The fourth chapter of the encyclical Fratelli tutti dwells on the theme of openness to the whole world, in contrast to the closedness dealt with in the third chapter. The text presents two major themes: the encounter among peoples and the tension between local and global.
The reality of migration, a true sign of our times, is in the background of the encounter between peoples. The cry of the poor, who are forced to leave their homeland by unsustainable situations, challenges us to welcome, protect, promote and integrate migrants. But we are invited to do so with an outlook that goes beyond the emergency, that is, one to build a shared future, because either we all save ourselves, or no one is saved. Such a perspective calls for opening up to full citizenship in the countries of destination and to integral human development in the countries of origin. All that requires international cooperation in which the economically weaker countries have access to the international market and a voice in decisions, which must be participatory. Such meeting of persons and peoples leads to mutual enrichment, but it is not motivated simply by convenience; rather, by a sense of gratuitousness that humanises us all.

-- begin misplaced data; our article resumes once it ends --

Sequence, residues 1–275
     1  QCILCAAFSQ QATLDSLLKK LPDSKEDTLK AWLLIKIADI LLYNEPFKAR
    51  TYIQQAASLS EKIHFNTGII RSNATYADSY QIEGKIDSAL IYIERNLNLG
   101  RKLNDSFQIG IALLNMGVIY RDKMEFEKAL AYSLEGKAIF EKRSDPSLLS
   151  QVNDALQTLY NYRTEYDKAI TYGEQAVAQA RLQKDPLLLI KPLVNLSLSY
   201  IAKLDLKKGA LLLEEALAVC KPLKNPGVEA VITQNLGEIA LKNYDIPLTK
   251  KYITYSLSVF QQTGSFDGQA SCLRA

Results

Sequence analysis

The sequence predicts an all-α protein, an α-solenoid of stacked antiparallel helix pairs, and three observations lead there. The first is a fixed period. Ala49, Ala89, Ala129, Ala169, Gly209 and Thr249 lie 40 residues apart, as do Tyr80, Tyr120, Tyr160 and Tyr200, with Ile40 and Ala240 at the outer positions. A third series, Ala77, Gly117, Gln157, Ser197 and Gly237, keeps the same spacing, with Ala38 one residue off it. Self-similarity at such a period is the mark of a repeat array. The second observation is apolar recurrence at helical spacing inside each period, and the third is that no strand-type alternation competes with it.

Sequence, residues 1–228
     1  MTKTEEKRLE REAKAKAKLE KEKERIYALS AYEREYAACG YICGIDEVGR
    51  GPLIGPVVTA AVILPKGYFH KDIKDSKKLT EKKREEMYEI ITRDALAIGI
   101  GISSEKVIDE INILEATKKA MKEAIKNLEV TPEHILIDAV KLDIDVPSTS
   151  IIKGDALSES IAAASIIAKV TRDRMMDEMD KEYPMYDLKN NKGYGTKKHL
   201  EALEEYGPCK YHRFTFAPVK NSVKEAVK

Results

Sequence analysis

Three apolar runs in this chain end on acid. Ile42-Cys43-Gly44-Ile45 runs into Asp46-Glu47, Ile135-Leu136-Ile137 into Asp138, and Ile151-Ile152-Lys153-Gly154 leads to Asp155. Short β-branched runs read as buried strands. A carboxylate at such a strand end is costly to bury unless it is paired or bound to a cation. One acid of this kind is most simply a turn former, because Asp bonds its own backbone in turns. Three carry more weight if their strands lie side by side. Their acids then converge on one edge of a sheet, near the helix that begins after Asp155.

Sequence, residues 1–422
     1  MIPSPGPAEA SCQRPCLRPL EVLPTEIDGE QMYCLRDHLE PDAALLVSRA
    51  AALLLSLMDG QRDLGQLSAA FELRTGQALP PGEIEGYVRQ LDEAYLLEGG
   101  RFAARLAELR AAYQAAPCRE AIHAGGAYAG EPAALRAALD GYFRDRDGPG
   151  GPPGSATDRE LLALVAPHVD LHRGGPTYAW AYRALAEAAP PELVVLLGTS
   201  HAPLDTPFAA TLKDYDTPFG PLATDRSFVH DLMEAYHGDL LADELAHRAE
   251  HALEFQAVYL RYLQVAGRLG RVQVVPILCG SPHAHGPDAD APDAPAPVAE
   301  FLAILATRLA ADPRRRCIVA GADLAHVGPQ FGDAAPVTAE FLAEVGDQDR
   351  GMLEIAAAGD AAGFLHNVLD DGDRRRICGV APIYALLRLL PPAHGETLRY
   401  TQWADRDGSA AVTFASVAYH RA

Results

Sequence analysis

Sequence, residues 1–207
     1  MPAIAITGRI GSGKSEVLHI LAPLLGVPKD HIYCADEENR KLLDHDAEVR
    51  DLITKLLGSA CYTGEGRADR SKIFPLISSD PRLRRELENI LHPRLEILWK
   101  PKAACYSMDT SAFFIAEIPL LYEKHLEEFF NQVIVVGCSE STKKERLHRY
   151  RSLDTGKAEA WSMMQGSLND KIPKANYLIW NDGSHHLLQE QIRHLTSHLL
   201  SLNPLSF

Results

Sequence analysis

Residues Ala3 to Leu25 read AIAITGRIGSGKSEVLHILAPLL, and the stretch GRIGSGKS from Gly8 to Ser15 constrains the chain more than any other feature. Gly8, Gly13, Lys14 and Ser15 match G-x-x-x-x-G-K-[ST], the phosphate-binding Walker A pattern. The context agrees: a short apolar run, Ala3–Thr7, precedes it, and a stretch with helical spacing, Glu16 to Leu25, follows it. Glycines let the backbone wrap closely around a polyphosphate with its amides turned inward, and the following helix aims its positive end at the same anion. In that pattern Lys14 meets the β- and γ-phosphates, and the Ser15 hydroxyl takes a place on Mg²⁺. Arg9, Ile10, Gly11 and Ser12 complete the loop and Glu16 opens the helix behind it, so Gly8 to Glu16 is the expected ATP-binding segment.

Local and global dimension are two interdependent polarities that need each other. Being rooted in the local reality allows us to be leaven, to initiate and sustain the paticipation of individuals and communities, to build social friendship. The global dimension redeems us from a petty provincialism, resulting in a universal fraternity.
The construction of a more fraternal and sustainable world, of a communion, requires the contribution of different elements, like the various faces of a single polyhedron. Being rooted in the local is the basis that enables us to grasp aspects of reality that others do not. But the local, closed in on itself, no longer allows itself to be complemented by others, thus limiting its possibilities of development, becoming sclerotic. In contrast, every healthy culture is by nature open and welcoming. Indeed, without a conversation with those who are different, it is difficult to have a clear and complete knowledge of oneself and one’s territory. By looking at oneself from the point of view of the other, of those who are different, one can better recognise the distinctiveness of one’s own person and culture. A living culture integrates new things in its own way. This is why Pope Francis invites the original peoples to preserve their roots and ancestral culture in a dynamic way, open to encounter, without falling into the temptation of a closed, static and ahistorical indigenism that shuns any form of cross-fertilisation.
The world grows and is filled with new beauty thanks to new syntheses that are produced between open cultures, outside any cultural imposition. It is from this encounter that a common project for the common good can emerge.